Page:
Substitution of acetic acid for hydrochloric acid in the bicarbonate buffered dialysate

Artif Organs. 1998 Jul;22(7):608-13. doi: 10.1046/j.1525-1594.1998.06205.x.

Abstract

In a multicenter study including 5 dialysis units, blood acetate changes during 4 h dialysis sessions in 141 patients treated with a 4 mM acetate-containing bicarbonate dialysate (ABD) were evaluated and compared to the values of 114 patients using an acetate-free bicarbonate dialysate (AFD). Acetate-free bicarbonate dialysate was delivered by a dialysis machine from the mixing with water for dialysis of a 1/26.2 bicarbonate concentrate, and a 1/35 acid-concentrate in which acetic acid was substituted for hydrochloric acid (Soludia, Fourquevaux, France). This new type of dialysate was routinely in use for 3 years on average (range, from 2 to 5 years). All patients fasted before and during dialysis. Blood samples were withdrawn at the start and at the end of dialysis sessions. The acetate plasma concentration was determined using the acetyl-CoA synthetase enzymatic method (Boehringer, Manheim, Germany). In patients treated with ABD whose predialysis blood acetate levels were in the physiologic range of < or = 100 microM (n = 113), the acetate plasma concentration increased from a predialysis mean value of 22+/-3 microM to a postdialysis mean value of 222+/-11 microM in 88 patients (78% of patients) whereas the acetate plasma concentration changes remained in the range of physiologic values from 21+/-6 to 58+/-7 microM in the other 25 patients. In contrast, patients treated with AFD whose predialysis blood acetate levels were in the physiologic range (n = 108), acetate plasma concentration increased from a predialysis mean value of 49+/-6 microM to 160+/-19 microM in only 13 patients (12% of patients) whereas acetate plasma concentration changes remained in the range of physiologic values of 23+/-2 to 41+/-3 microM in most of the patients of this group. In this study, a significant number of patients, whether receiving standard or acetate-free bicarbonate dialysates, exhibited an extremely high acetate plasma concentration at the start of the dialysis session. Hyperacetatemia was controlled with AFD in patients whose predialysis acetate plasma concentration of 316+/-82 decreased to 55 +/-23 microM (n = 6) at the end of the dialysis session whereas the acetate plasma concentration remained high when the predialysis concentration was 580+/-76 microM, with a postdialysis concentration of 233+/-39 microM (n = 28). It is concluded that in patients whose predialysis blood acetate levels were in the physiologic range, acetate-containing bicarbonate dialysate induces hyperacetatemia whereas postdialysis blood acetate remains in the normal range in such dialysis patients treated with acetate-free dialysate. Chronic hyperacetatemia, which could be found in dialysis patients, is well controlled by dialysis using an acetate-free dialysate.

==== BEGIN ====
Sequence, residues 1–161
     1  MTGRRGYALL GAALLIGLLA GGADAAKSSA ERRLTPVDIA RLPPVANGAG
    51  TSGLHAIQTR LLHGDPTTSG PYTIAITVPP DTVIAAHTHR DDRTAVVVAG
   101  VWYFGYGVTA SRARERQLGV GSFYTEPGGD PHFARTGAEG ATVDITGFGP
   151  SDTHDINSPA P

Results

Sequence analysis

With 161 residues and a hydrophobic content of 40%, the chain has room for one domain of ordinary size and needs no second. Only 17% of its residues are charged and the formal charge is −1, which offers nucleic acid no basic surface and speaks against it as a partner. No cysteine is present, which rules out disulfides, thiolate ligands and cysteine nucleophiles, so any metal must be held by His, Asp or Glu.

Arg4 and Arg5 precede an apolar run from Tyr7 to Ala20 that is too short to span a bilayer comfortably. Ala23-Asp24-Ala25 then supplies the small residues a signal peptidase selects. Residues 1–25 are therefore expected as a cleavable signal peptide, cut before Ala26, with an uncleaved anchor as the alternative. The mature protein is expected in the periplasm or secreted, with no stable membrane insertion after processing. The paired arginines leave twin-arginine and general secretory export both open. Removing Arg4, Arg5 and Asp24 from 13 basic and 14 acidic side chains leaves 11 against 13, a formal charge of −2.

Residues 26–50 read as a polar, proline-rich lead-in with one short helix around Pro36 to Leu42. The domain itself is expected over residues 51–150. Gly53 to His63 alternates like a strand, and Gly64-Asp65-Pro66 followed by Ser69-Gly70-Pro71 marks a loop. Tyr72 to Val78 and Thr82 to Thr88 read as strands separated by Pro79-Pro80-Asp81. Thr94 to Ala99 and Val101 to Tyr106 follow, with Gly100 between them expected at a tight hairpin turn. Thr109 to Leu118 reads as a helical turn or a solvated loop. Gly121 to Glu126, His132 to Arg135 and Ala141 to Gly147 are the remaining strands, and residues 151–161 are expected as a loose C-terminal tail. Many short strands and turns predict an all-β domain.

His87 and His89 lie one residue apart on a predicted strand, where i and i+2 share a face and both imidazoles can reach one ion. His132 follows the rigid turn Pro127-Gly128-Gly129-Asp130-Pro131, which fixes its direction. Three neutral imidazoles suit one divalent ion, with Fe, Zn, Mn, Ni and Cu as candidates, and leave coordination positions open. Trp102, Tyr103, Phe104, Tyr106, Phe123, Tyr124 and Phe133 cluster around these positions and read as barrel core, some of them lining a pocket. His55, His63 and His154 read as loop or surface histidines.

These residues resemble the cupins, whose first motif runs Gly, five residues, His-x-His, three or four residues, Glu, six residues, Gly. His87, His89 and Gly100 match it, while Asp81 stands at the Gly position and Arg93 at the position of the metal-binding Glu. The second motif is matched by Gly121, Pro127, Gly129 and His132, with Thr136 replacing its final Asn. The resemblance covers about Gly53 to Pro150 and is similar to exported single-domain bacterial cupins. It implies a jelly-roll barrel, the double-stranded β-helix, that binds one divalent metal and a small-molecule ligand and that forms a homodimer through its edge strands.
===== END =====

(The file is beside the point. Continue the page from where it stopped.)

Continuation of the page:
Publication types

  • Comparative Study
  • Multicenter Study

MeSH terms

  • Acetate-CoA Ligase
  • Acetates / blood
  • Acetic Acid / chemistry
  • Acetic Acid / therapeutic use*
  • Adult
  • Aged
  • Aged, 80 and over
  • Bicarbonates / chemistry
  • Bicarbonates / therapeutic use*
  • Dialysis Solutions / chemistry
  • Dialysis Solutions / therapeutic use*
  • Fasting
  • Female
  • Humans
  • Hydrochloric Acid / chemistry
  • Hydrochloric Acid / therapeutic use*
  • Male
  • Middle Aged
  • Renal Dialysis* / instrumentation

Substances

  • Acetates
  • Bicarbonates
  • Dialysis Solutions
  • Acetate-CoA Ligase
  • Acetic Acid
  • Hydrochloric Acid